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  • Shelley, among Other Things
  • Brian McGrath

In his Politics, Aristotle studies the various and best forms of partnership (κοινωνία [koinonía]: association, communion, relationship, connection) between citizens. In his A Short Introduction to English Grammar (from 1762), Robert Lowth defines prepositions as if with an eye toward political organization: prepositions "serve to connect words with one another, and show the relation between them" (91). Politics describes connections between people; prepositions, connections between words. What can one learn about politics from prepositions? What can one learn about prepositions from politics?

Founding political documents often rely on and express the power of prepositions. For instance, and perhaps most famously, Abraham Lincoln acknowledges the importance of prepositional thinking in his Gettysburg Address, where he defends a more perfect union "of the people, by the people, for the people" (149). The powerful repetition of prepositional phrases makes the meter regular, but by repeating prepositional phrases Lincoln also foregrounds the importance of prepositions to the great task of government. Judging from Lincoln's rhetoric in the Gettysburg Address, more than one preposition may be necessary to ensure the future of the union.

In foregrounding prepositional thinking, in foregrounding his own thinking about prepositions, Lincoln extends a democratic tradition. When the authors of the Declaration of Independence announced their separation from England, they described the political bands that have "connected" them in terms not dissimilar to those Lowth uses to describe prepositions: every now and again, write the authors of the Declaration, "it becomes necessary for one people to dissolve the [End Page 1188] political bands which have connected them with another" (Beeman 1). Every now and again, in other words, new and different connections between a government and a people must be fashioned. The authors of the Declaration would likely have found it difficult to describe the connections between one people and another without employing prepositions. The familiar story of a late eighteenth-century shift from monarchy to democracy, from a vertical model of power (metaphor) to a horizontal one (metonymy), might also be retold as a shift from one set of prepositions (above, below) to another (beside, among).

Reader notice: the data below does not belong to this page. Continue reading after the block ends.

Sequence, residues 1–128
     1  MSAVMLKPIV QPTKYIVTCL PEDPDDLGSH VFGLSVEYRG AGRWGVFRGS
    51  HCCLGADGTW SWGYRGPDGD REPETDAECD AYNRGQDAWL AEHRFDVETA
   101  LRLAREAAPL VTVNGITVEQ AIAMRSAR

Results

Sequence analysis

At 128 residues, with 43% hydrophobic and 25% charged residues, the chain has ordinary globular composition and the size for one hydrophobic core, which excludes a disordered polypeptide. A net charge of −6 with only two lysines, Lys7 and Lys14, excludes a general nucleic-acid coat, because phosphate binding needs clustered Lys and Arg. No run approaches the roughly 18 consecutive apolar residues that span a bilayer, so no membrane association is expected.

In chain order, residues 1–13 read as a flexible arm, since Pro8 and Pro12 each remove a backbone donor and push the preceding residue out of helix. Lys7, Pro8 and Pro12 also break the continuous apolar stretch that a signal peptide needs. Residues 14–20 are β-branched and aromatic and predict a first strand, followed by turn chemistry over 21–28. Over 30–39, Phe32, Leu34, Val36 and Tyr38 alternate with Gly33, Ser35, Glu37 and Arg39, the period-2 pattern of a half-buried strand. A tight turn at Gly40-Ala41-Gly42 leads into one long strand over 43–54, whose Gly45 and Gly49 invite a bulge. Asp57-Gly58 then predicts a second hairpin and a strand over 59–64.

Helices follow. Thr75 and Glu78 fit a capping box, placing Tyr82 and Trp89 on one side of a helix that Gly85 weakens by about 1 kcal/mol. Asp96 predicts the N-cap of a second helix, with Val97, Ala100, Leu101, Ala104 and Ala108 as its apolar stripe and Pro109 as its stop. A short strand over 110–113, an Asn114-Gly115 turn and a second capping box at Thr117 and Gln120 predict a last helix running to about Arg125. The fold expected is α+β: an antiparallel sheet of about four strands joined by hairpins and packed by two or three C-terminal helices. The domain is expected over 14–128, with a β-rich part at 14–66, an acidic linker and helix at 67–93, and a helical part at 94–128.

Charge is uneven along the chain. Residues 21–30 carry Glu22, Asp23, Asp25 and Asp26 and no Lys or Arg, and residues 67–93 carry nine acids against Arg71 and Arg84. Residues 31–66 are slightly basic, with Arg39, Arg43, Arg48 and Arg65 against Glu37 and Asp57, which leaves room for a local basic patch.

A founding political document somehow composed without prepositions is difficult to imagine. And yet, individual prepositions are surprisingly difficult to define. Take the preposition "among," for example, which plays, as we will see, a crucial role in the Declaration. Originally, "among" was a phrase in Old English, on (meaning "in") and gemang (meaning "mingling, assemblage, or crowd"), so in Old English, "among" meant "in a crowd," which is more or less what it still means today in modern English, though the phrase has been shortened to a single word. "Among": in the mingling or assemblage of; hence, surrounded by and associated with.1 One notices when defining a preposition that a seemingly endless number of prepositions are required: in, of, by, with, and so on. To be "among" is to be in, of, by, with (sort of). And this trouble is not unique to the preposition "among." Take "with," for instance: the OED notes that "the prevailing senses of this prep[osition] in the earliest periods are those of opposition ('against') and of motion or rest in proximity ('towards,' 'alongside')." In the Middle English period, "with" takes over senses belonging to the Old English mid, denoting connection and association. To be "with" is to be against, alongside, connected to (sort of). And, predictably, this trouble defining prepositions is not unique to English. In German, for example, "unter" can mean either "under" or "among." Prepositions are meant to help us better understand the relations between words, but it seems that the longer one thinks about prepositions, the less one understands about relationships.

I have not selected "among" entirely at random to explore the relationship between prepositions and politics. Despite one's difficulty securing a stable definition of "among" (or any preposition, for that matter), "among" plays an especially important role in the [End Page 1189] Declaration, where government is constituted "among" men. Even if citizens are not "with" other citizens, they are necessarily "among" them, or so the Declaration declares. The text features numerous uses of the preposition "among" in the opening few sentences. For instance, the first...


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